Report. Shoot. Edit. Work on-air and behind the camera.
Whether your goal is to work in local or network television news, as a radio reporter, for an online publication or as a freelance journalist in an international setting, our faculty will teach you the production skills and standards of great reporting and storytelling for the eye and ear.
What We Offer
Students at the Journalism School have many opportunities to learn the skills needed to excel in broadcast journalism and tell stories in video or audio. Both video and audio classes are core components of the M.S. program in which students work on deadline pieces as well as on longer stories. Students can learn on-air skills, take a radio or podcasting class, experiment with virtual reality and hone the techniques that are essential to working in a digital newsroom.
Our broadcast classes allow students to develop and expand their reporting, production and storytelling skills in both audio and video.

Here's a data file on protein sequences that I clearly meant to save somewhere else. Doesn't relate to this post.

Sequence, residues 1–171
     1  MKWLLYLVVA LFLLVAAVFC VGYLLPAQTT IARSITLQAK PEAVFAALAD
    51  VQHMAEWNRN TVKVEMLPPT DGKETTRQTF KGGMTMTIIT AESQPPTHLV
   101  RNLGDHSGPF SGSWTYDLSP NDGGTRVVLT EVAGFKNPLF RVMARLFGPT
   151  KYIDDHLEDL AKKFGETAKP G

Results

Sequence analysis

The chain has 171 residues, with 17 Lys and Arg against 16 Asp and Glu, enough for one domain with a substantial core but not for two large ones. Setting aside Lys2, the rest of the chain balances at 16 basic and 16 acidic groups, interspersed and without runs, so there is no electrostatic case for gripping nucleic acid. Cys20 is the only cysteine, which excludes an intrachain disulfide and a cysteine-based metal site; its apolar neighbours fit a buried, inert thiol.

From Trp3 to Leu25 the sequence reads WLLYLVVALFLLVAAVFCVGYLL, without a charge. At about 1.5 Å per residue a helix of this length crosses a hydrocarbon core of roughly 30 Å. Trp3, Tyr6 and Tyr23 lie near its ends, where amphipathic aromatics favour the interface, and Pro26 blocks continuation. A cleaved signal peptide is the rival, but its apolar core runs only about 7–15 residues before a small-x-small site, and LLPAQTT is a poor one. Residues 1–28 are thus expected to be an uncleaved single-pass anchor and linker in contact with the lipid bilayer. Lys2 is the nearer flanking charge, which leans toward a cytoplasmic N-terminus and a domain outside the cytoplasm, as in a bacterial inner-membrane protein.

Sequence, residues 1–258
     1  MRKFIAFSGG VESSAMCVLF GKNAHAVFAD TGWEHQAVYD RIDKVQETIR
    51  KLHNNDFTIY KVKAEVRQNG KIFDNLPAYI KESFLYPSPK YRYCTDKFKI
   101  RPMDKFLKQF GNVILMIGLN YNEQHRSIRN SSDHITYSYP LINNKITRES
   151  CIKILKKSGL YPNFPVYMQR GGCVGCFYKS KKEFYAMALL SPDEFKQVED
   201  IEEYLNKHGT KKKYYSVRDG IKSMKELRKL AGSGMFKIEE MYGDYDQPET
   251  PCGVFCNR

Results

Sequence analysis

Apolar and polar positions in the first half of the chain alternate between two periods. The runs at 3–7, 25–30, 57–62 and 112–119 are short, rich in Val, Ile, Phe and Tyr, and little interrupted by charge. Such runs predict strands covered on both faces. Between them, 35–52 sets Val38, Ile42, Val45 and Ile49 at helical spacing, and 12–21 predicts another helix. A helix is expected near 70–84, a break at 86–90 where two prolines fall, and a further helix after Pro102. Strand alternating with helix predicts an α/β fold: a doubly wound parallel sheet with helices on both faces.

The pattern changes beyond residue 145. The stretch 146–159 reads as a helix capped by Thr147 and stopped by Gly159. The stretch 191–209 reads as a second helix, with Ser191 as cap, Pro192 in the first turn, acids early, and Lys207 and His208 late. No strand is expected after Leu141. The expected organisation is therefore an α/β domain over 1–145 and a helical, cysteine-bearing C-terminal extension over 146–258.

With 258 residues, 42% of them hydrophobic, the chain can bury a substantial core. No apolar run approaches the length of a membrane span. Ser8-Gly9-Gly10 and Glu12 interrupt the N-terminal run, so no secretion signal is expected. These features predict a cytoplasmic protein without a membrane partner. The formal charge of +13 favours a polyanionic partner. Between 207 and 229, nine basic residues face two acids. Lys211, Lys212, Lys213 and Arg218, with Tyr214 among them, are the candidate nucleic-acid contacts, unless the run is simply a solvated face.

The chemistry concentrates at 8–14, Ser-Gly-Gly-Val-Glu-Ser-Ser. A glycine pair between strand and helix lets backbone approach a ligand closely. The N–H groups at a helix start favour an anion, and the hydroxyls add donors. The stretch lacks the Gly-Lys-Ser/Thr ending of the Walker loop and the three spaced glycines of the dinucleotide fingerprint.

Please note: The classes listed here represent recent offerings at the Journalism School. Choices vary each semester depending on faculty availability and other considerations. Classes described now may change or be dropped to make room for new additions.
Doc '15 students Scilla Alecci & George Steptoe investigated how coworkers abuse female correction officers.See The NYT report.
The Video Storytelling class experiments with 360-immersive, virtual reality video.Watch two videos of student work.
Valerie Dekimpe ’16 M.S. covered the Westminster Dog Show on deadline for Video Newsroom.Watch her video.
Elizabeth Hunt Brockway '16 M.S. reports on the update to Topps baseball cards.Listen to her report that aired on WNYC.
Assistant Professor of Broadcast Journalism
CBS Professor of Professional Practice in International Journalism;
Professor of Journalism
Fred W. Friendly Professor of Professional Practice in Media and Society
Director, duPont/Professional Prizes; Adjunct Faculty
Godfrey Lowell Cabot Professor Emeritus